It's never fun to find yourself unemployed, whether you were fired or had to quit for reasons entirely your own. In today's economy, it's slightly easier to find a job than in years prior, but it's not uncommon to be between jobs for months while you find the right company – one that pays well, is close to home, and offers the benefits you deserve.
Are you searching for that dream job, but aren't sure if you're qualified for a step up in your career? If you don't quite yet have all the skills a recruiter is looking for, you might be tempted to think about embellishing your resume or adding a few skills you don't actually have to your LinkedIn profile.
No one likes being micromanaged, but being a micromanager is almost worse: you know, on some level, that you're the problem, and yet you just can't stop nitpicking everything people do. In this week's roundup, career experts tackle breaking the micromanaging habit, learning how to fight productively, and beating the dreaded cover-letter writer's block.
Even if you're a raving extrovert who loves meeting new people and does well under pressure, you probably don't love job interviews. They're such a tricky dance: simultaneously, job interviews ask you to impress a stranger, answer complex questions, and try to figure out from a short conversation whether or not you want to work there. This week's roundup focuses on career advice that helps you avoid the pitfalls of job interviewing.
It's a common dilemma, really. You're gainfully employed, but you also can't help but think that there are greener pastures with another employer. However, your current job isn't that bad, so you're not really an active job seeker -- it'd just be nice to know what career options are available. If this is you, then read on to see why you are a recruiter's dream come true. Here's why.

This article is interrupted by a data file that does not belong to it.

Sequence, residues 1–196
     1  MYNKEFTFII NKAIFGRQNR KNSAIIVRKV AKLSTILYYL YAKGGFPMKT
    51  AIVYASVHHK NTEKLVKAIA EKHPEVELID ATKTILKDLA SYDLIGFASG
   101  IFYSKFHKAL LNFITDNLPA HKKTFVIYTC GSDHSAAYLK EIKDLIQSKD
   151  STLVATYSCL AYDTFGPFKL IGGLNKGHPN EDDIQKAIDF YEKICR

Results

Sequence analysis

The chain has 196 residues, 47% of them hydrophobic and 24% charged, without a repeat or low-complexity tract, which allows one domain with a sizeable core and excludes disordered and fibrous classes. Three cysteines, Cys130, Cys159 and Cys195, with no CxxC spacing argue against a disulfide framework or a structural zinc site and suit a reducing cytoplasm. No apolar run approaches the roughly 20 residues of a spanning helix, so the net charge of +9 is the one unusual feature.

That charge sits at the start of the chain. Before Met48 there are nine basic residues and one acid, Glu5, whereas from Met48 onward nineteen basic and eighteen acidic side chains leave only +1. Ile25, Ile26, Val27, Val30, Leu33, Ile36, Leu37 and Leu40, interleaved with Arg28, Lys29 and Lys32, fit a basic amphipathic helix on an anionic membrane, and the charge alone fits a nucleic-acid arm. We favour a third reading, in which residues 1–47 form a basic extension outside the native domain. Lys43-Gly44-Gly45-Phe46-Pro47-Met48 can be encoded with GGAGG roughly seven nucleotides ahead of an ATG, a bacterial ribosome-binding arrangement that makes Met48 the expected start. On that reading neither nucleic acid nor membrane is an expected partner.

When you're evaluating a job offer, it's almost always smart to ask for more money. After all, if you don't ask, most of the time, you won't get. That said, occasionally you'll run into hiring managers who choose to see even a perfectly reasonable request as a personal affront. This week's roundup includes expert advice on dealing with that situation, plus tips on how to build your personal brand and avoid the pitfalls of crafting a college essay.
Even if you're not into sports, you can learn a lot about leadership -- good and bad -- from watching the managers of professional sports teams. It all comes down to using data to help you make better decisions. Plus, also in this week's roundup: how depression affects working memory, and thus our productivity, and the best way to answer, "Why are you looking for a new job?"
It's a cruel fact of the job search process: just when you need to have your wits about you, the pressure of acing the job interview makes it hard to project calm professionalism. If only you could be as relaxed before the interview as you inevitably will be after -- when all you have to do is think about how much better you'd be, if you could just do everything over again.
Toward the close of the interview, your interviewer might give you an opening to ask any questions you may have. This is a great opportunity to sound intelligent, prepared, and excited about the role. This is a good chance to impress the interviewer with your homework and understanding of the role and the organization. An unprepared question, on the other hand, could completely nullify your candidacy.